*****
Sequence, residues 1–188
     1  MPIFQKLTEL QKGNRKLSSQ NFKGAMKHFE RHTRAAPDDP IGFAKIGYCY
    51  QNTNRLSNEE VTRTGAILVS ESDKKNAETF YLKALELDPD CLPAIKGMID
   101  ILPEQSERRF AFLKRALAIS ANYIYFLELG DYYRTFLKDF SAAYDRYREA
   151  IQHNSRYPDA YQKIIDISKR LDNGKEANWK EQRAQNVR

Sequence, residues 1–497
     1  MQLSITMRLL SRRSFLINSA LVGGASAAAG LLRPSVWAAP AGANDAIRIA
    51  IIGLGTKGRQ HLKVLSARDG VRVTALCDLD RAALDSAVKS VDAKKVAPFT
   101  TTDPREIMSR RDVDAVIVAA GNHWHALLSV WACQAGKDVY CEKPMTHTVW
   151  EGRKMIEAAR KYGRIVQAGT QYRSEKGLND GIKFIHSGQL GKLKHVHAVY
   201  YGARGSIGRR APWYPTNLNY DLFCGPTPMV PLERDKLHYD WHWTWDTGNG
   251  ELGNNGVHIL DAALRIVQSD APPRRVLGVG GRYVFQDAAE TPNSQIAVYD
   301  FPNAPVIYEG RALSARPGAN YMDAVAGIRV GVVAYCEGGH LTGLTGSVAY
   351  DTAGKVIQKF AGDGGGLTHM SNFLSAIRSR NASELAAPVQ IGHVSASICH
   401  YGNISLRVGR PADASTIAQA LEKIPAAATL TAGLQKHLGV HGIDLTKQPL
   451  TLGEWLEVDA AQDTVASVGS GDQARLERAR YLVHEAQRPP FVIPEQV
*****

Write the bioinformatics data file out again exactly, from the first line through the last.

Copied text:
Sequence, residues 1–188
     1  MPIFQKLTEL QKGNRKLSSQ NFKGAMKHFE RHTRAAPDDP IGFAKIGYCY
    51  QNTNRLSNEE VTRTGAILVS ESDKKNAETF YLKALELDPD CLPAIKGMID
   101  ILPEQSERRF AFLKRALAIS ANYIYFLELG DYYRTFLKDF SAAYDRYREA
   151  IQHNSRYPDA YQKIIDISKR LDNGKEANWK EQRAQNVR

Sequence, residues 1–497
     1  MQLSITMRLL SRRSFLINSA LVGGASAAAG LLRPSVWAAP AGANDAIRIA
    51  IIGLGTKGRQ HLKVLSARDG VRVTALCDLD RAALDSAVKS VDAKKVAPFT
   101  TTDPREIMSR RDVDAVIVAA GNHWHALLSV WACQAGKDVY CEKPMTHTVW
   151  EGRKMIEAAR KYGRIVQAGT QYRSEKGLND GIKFIHSGQL GKLKHVHAVY
   201  YGARGSIGRR APWYPTNLNY DLFCGPTPMV PLERDKLHYD WHWTWDTGNG
   251  ELGNNGVHIL DAALRIVQSD APPRRVLGVG GRYVFQDAAE TPNSQIAVYD
   301  FPNAPVIYEG RALSARPGAN YMDAVAGIRV GVVAYCEGGH LTGLTGSVAY
   351  DTAGKVIQKF AGDGGGLTHM SNFLSAIRSR NASELAAPVQ IGHVSASICH
   401  YGNISLRVGR PADASTIAQA LEKIPAAATL TAGLQKHLGV HGIDLTKQPL
   451  TLGEWLEVDA AQDTVASVGS GDQARLERAR YLVHEAQRPP FVIPEQV